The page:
IMIHIV is an underserved, vulnerable population in the United States. There is a paucity of studies that specifically address issues relating to IMIHIV and how healthcare measures may be able to prevent untoward healthcare outcomes. Moreover, when IMIHIV’s issues are addressed, it reveals high rates of recidivisms, high rates of mental health issues, high risk of sexual behaviors, and low rates of engagement with the most prominent HIV therapy, which is HAART [1] - [3] . The significance is that 135,000 men are released into society each year, with approximately 1.5% of them being HIV-infected, many of which have a tendency to not sustain HAART therapy [4] .

Engagement is the process in which individuals who are HIV-infected remain compliant with their admini- stration of the HAART regimen [5] . Keeping a person that is HIV-infected engaged in HAART keeps the viral level low to undetectable levels [6] , and halts the spread of HIV from person to person and to the community about 96% of the time [7] . Incarcerated populations’ propensity toward engagement is low as shown by the relatively few studies in which the 30-day compliance after release is between 18% - 23% and no higher than 30% for 60 day refills [3] .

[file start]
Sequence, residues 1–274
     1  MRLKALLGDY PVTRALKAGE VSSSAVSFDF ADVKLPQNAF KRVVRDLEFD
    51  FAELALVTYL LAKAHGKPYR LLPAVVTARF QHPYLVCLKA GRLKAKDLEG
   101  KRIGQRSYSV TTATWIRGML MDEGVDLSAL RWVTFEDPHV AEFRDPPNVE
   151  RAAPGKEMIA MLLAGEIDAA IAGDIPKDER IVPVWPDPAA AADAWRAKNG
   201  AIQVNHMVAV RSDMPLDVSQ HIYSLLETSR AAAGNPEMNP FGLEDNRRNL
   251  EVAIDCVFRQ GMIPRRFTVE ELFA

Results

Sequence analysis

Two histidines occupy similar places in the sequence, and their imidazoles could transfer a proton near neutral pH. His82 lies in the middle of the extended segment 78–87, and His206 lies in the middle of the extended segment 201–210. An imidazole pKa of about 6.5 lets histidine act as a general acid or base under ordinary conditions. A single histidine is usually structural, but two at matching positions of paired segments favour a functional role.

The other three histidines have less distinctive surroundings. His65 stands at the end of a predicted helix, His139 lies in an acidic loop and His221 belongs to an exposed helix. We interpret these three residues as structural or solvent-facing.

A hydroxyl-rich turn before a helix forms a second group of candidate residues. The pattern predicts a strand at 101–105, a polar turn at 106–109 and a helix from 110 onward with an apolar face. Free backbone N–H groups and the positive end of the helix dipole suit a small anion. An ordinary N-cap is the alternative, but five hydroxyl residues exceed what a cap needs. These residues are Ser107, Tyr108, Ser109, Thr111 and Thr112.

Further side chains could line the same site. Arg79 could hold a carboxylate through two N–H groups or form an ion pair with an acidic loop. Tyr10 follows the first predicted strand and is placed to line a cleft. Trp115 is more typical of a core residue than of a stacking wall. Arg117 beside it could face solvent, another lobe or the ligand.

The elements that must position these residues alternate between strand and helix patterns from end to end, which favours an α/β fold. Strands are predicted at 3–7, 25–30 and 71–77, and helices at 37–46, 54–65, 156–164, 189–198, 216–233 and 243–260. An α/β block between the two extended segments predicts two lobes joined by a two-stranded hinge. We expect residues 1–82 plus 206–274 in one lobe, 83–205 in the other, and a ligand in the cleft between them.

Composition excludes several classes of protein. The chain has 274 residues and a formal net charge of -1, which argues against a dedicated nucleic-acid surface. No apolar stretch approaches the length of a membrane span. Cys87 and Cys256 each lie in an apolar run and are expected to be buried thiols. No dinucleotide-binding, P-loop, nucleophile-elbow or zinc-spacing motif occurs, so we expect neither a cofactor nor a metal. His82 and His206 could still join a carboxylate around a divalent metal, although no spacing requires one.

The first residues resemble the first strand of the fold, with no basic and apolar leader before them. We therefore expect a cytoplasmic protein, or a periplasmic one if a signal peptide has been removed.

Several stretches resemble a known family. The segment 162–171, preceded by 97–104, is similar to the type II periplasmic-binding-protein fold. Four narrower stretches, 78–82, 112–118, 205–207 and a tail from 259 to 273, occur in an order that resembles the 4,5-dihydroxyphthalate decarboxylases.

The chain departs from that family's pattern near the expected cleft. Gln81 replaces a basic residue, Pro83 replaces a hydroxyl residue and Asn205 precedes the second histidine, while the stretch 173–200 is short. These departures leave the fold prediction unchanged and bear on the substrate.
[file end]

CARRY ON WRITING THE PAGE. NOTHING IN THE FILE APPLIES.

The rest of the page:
2. Method of Analysis

The methodology used will be Walker & Avant’s simplified view of the Wilsonion method that focuses on eight steps instead of eleven. As concept analysis “is the process of examining the basic elements of a concept [8] , pg. 158. The eight steps are to select the concept, determine the aims and purposes of the analysis, identify all uses of the concept, determine the defining attributes, construct a model case, construct a borderline, contrary, and related case, identify antecedents and consequences, and define empirical referents [8] . Being able to extract a clear and concise definition on what engagement is and what it is not is imperative. For this endeavor, the following search engines were used: Medline, PubMed, Proquest, Sociologic, EBSCO Psychology, and Behavior health, EBSCO Education Full Text, and Academic Search Complete.